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Thread: Sex in America

  1. #1
    Cyburbian michaelskis's avatar
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    Sex in America

    Recently the CDC stated that one in four high school females has some sort of STD. They see images of sex on TV, small dolls wearing what could be considered provocative. The music that pays on the radio is all about ‘hooking up’ or putting cheating in a positive light.

    From the a mayor of Detroit, the a Governor of New York, a senator from Minnesota, to a former President (while in Office...) and many more elected officials, there are unlimited stories of sex scandals that are on both sides of the political divide.

    What is going on then we as a culture are becoming inundated with stories of how sex is destroying our culture? Kids are having sex and an earlier and earlier and adultery is becoming more and more prevalent. Marriages today statistically are more likely to fail than succeed. Oh, and sex is one of the most googled words… ever.

    Has it always been like this and I have not noticed? What are your thoughts about this sensitive topic? Do you think that the media is to blame ors should we thank them for bringing this to our attention? Do you think that this is further proof of a cultural degradation or do you think that it is just a sign of the times and that it’s not a big deal?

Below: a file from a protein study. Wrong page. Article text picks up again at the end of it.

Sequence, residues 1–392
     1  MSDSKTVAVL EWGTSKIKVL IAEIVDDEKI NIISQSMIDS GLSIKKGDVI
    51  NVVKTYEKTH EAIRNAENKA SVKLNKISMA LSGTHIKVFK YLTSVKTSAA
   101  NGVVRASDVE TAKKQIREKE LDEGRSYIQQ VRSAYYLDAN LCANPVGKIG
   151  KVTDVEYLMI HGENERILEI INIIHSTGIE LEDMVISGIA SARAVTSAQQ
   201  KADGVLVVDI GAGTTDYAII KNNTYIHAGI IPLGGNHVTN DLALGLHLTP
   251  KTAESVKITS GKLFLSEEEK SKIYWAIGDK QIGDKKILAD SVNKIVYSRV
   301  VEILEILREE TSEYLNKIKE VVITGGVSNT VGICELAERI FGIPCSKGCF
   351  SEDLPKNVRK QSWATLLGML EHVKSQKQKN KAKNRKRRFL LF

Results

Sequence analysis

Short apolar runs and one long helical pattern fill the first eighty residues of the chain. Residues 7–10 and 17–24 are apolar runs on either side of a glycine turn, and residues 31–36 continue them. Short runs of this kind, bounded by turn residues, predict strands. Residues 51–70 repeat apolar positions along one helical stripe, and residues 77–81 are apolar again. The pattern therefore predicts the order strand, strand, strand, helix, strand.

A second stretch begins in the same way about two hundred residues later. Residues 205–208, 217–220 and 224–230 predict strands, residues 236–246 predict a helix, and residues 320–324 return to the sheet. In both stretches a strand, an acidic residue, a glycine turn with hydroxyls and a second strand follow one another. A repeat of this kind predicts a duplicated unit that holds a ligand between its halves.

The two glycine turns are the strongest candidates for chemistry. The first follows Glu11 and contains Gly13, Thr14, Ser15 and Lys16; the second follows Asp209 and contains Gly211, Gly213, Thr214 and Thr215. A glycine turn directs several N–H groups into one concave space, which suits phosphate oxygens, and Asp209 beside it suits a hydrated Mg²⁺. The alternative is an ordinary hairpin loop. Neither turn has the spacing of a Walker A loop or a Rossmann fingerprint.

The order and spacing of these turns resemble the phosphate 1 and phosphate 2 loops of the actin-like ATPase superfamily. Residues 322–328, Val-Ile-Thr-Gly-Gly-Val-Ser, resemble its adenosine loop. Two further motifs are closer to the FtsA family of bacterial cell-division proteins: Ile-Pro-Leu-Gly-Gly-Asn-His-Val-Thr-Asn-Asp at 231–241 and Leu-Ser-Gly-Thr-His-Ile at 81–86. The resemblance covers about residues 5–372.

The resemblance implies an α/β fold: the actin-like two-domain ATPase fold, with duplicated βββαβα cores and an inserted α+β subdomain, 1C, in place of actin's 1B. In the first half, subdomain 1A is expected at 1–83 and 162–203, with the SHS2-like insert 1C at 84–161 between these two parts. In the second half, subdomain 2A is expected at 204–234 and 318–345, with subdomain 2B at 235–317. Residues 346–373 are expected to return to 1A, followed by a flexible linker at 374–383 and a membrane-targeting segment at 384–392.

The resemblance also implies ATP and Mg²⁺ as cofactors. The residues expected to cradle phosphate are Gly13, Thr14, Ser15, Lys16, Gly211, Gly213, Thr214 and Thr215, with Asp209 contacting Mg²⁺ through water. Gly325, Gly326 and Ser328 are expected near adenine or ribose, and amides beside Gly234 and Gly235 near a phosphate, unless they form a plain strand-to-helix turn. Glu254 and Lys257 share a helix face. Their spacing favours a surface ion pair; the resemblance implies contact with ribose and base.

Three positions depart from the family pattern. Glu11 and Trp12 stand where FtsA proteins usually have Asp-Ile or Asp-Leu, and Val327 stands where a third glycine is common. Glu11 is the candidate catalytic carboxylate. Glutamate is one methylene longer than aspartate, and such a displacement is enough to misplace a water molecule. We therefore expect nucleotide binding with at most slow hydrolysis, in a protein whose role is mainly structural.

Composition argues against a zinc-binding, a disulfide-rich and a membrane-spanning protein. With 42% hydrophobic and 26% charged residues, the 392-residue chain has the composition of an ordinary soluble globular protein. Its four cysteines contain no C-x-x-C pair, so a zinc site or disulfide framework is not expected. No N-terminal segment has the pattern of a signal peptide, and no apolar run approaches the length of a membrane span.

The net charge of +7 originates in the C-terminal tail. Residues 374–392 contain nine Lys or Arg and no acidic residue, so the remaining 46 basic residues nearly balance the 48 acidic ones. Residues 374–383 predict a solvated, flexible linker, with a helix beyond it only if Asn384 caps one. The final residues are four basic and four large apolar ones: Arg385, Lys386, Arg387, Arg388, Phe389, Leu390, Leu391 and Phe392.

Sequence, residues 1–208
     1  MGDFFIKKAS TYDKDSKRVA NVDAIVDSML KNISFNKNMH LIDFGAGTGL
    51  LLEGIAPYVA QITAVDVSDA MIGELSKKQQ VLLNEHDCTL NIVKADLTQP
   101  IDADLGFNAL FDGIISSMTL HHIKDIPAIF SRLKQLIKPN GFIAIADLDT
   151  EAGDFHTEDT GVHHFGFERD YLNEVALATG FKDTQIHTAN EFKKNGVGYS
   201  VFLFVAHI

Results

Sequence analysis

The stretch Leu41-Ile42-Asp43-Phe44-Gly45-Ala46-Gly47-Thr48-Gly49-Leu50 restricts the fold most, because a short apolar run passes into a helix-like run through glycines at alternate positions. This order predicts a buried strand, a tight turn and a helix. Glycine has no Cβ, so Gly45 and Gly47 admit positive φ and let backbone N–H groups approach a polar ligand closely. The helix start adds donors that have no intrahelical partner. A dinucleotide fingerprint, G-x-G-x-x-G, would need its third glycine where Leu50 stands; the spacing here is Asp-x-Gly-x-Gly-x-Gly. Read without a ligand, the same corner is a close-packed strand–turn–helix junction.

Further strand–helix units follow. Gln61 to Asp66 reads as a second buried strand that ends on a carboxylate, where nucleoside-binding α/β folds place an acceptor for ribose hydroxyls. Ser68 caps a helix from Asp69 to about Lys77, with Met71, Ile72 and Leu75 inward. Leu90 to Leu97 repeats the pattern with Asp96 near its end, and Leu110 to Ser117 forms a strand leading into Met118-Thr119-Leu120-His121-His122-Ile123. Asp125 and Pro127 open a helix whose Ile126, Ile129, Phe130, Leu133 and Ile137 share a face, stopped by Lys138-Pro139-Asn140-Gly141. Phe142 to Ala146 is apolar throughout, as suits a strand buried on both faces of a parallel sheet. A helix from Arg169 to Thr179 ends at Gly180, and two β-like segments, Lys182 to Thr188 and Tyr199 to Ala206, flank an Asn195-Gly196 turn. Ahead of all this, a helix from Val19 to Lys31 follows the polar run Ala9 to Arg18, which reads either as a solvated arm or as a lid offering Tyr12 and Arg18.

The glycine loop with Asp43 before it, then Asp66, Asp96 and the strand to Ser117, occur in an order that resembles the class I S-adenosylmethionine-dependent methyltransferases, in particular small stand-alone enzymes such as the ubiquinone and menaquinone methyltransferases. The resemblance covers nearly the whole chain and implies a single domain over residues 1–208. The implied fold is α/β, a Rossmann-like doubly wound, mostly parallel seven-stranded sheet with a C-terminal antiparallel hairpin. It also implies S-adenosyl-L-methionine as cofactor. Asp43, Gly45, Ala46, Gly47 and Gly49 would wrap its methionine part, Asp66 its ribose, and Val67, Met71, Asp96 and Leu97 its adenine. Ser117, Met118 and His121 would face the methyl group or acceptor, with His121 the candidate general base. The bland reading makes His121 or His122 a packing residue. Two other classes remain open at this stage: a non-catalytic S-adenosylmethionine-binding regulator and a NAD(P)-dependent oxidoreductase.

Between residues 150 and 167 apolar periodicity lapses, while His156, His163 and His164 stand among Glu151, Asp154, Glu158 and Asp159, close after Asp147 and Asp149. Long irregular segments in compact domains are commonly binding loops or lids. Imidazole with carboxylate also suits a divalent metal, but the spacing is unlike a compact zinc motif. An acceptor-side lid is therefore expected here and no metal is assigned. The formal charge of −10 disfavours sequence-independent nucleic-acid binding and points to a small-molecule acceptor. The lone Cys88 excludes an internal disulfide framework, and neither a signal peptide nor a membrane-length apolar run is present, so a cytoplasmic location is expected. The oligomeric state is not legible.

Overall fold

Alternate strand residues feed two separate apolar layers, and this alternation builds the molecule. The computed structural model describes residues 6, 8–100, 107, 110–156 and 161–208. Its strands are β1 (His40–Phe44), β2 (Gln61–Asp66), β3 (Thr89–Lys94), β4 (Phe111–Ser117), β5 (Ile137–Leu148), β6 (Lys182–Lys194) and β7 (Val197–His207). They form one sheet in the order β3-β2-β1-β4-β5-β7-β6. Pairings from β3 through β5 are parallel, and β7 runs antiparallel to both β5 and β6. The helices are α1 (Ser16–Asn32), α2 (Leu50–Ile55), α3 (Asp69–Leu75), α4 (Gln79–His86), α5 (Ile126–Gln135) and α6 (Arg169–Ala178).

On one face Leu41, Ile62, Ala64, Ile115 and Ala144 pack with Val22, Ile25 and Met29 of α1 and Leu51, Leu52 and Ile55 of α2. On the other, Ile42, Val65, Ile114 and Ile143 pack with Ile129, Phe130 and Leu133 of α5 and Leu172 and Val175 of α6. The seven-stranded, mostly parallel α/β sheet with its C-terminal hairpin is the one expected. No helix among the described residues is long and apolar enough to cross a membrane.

"A long habit of not thinking a thing wrong, gives it a superficial appearance of being right, and raises at first a formidable outcry in defense of custom. Time makes more converts than reason." - Thomas Paine Common Sense.

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    Cyburbian tsc's avatar
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    I am in my 40s...and over the years I think this is nothing new. There have been sex scandals as long as I can remember. Kids have always been having sex and doing drugs...nothing new. I do think that TV shows more sex. I don't have any of the pay cable stations,,,but watched some cable TV...and it surprises me how much sex there is on TV. I also find TV has gotten much more graphic due to shows like CSI.
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  3. #3
    Chairman of the bored Maister's avatar
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    Quote Originally posted by michaelskis View post
    Has it always been like this and I have not noticed?
    Yes.
    Quote Originally posted by Michaelskis
    What are your thoughts about this sensitive topic?
    Entirely too much attention/significance is given to the subject.
    Quote Originally posted by Michaelskis
    Do you think that the media is to blame or should we thank them for bringing this to our attention?
    The media seeks out and provides the titilation because the the public craves/buys it.
    Quote Originally posted by Michaelskis
    Do you think that this is further proof of a cultural degradation or do you think that it is just a sign of the times and that it’s not a big deal?
    'Degradation' implies a change of state for the worse. The public has always enjoyed tales of amour and court intrigue in the circles of celebrity and power. The only difference now is that the gossip is conveyed via mass media now.